Businesses

Cybercrime is Costing Africa's Businesses Billions (qz.com) 47

An anonymous reader shares a report: Sophisticated malware, software security breaches, mobile scams -- the list of cybercrime threats is growing. Yet African nations continue to fall short of protecting themselves and must constantly grapple with the impact. A new study from IT services firm Serianu shows the pervasive nature of cybercrime across the continent, affecting businesses, individuals, families, financial institutions, and government agencies. The study shows how weak security architectures, the scarcity of skilled personnel and a lack of awareness and strict regulations have increased vulnerability.

Cybercrime cost the continent an estimated $3.5 billion in 2017. The report found more than 90% of African businesses were operating below the cybersecurity "poverty line" -- meaning they couldn't adequately protect themselves against losses. At least 96% of online-related security incidents went unreported and 60% of organizations didn't keep up to date with cybersecurity trends and program updates. (In addition, at least 90% of parents didn't understand what measures to take to protect their children from cyber-bullying.)

China

China's Surveillance State Will Soon Track Cars (wsj.com) 113

China is establishing an electronic identification system to track cars nationwide, according to a report on WSJ, which cites records and people briefed on the matter. From a report: Under the plan being rolled out July 1, a radio-frequency identification chip for vehicle tracking will be installed on cars when they are registered. Compliance will be voluntary this year but will be made mandatory for new vehicles at the start of 2019, the people said. Authorities have described the plan as a means to improve public security and to help ease worsening traffic congestion, documents show, a major concern in many Chinese cities partly because clogged roads contribute to air pollution. But such a system, implemented in the world's biggest automotive market, with sales of nearly 30 million vehicles a year, will also vastly expand China's surveillance network, experts say. That network already includes widespread use of security cameras, facial recognition technology and internet monitoring.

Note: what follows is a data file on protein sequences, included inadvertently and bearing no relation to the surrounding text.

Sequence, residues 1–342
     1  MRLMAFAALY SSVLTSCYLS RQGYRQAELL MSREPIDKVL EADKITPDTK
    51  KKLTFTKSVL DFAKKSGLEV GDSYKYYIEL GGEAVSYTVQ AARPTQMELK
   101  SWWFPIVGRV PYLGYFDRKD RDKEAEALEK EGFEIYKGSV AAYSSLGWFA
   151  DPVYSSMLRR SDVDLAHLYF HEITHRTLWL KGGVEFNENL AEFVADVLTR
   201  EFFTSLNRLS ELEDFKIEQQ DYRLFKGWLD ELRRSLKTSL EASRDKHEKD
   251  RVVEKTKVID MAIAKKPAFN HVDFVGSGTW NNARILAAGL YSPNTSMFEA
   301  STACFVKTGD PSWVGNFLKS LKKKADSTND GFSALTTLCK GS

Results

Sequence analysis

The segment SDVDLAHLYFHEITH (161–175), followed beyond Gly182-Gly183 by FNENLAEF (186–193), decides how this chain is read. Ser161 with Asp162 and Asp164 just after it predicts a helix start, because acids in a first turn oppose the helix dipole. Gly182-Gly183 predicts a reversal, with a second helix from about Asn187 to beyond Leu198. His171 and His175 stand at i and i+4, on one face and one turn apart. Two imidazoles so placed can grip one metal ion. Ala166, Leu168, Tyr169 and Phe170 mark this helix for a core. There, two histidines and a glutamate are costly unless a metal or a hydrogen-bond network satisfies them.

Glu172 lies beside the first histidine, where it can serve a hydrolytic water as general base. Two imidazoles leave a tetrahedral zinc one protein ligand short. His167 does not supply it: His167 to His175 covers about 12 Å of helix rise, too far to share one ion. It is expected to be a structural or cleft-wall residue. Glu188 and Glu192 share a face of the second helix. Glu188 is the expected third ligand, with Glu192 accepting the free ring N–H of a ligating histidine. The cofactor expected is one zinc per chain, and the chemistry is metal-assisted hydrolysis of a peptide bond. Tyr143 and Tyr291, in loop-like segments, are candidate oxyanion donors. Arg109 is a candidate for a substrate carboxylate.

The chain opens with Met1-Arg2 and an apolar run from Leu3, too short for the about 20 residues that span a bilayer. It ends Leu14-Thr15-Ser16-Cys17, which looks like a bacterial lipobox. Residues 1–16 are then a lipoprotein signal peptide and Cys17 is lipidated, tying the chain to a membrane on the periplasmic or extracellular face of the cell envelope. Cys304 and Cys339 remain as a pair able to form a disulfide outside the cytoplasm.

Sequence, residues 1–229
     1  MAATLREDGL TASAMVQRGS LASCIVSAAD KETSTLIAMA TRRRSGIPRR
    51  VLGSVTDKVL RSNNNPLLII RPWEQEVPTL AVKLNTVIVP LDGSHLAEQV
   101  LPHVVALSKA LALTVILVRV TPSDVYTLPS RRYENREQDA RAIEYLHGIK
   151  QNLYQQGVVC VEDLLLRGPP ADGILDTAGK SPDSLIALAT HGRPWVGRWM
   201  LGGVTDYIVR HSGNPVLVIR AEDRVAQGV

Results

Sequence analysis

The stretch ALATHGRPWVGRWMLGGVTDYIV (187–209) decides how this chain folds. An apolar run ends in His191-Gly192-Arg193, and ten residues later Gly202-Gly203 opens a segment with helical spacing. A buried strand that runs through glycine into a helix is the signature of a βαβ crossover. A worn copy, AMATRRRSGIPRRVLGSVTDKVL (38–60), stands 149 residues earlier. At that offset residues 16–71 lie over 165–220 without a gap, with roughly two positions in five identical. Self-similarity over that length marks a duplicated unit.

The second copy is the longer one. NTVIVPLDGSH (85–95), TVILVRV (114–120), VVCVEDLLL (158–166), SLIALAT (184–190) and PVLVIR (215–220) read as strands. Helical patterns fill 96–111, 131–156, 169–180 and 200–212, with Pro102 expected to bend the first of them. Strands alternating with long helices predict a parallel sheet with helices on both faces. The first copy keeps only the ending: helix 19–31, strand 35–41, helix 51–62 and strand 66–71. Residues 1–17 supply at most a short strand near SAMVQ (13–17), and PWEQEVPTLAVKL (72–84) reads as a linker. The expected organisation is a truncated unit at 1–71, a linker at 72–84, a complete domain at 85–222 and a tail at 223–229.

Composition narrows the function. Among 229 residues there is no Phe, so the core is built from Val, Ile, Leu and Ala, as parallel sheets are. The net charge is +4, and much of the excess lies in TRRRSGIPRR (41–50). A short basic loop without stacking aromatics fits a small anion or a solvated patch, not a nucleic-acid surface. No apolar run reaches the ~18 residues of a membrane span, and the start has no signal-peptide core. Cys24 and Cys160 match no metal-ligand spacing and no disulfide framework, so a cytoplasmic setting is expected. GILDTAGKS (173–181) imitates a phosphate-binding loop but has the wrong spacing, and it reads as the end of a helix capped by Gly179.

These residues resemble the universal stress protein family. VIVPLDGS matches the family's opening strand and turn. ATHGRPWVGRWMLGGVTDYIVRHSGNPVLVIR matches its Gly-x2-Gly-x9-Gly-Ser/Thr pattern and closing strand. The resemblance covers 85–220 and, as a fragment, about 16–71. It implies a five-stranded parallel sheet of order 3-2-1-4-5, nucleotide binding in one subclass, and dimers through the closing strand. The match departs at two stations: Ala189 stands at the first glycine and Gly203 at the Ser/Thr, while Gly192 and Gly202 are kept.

Security

Britain's Dixons Carphone Discovers Data Breach Affecting 5.9 Million Payment Cards (betanews.com) 32

Mark Wilson shares a report from BetaNews: Another week, another cyberattack. This time around, it's the Dixons Carphone group which says it has fallen victim to not one but two major breaches. The bank card details of 5.9 million customers have been accessed by hackers in the first breach. In the second, the personal records of 1.2 million people have been exposed. Dixons Carphone says that it is investigating an attack on its card processing system at Currys PC World and Dixons Travel in which there was an attempt to compromise 5.9 million cards. The company stressed that the vast majority -- 5.8 million -- of these cards were protected by chip and PIN, and that the data accessed did not include PINS, CVVs or any other authentication data that could be used to make payments or identify the card owners. The report goes on to mention that 105,000 non-EU issued payment cards, which were not chip and PIN protected, were also affected. The company says it will be contacting those customers affected by the breaches.
Microsoft

A Vulnerability in Cortana, Now Patched, Allowed Attacker To Access a Locked Computer, Change Its Password (bleepingcomputer.com) 59

Catalin Cimpanu, reporting for BleepingComputer: Microsoft has patched a vulnerability in the Cortana smart assistant that could have allowed an attacker with access to a locked computer to use the smart assistant and access data on the device, execute malicious code, or even change the PC's password to access the device in its entirety. The issue was discovered by Cedric Cochin, Cyber Security Architect and Senior Principle Engineer at McAfee. Cochin privately reported the problems he discovered to Microsoft in April. The vulnerability is CVE-2018-8140, which Microsoft classified as an elevation of privilege, and patched yesterday during the company's monthly Patch Tuesday security updates. Further reading: Microsoft Explains How it Decides Whether a Vulnerability Will Be Patched Swiftly or Left For a Version Update.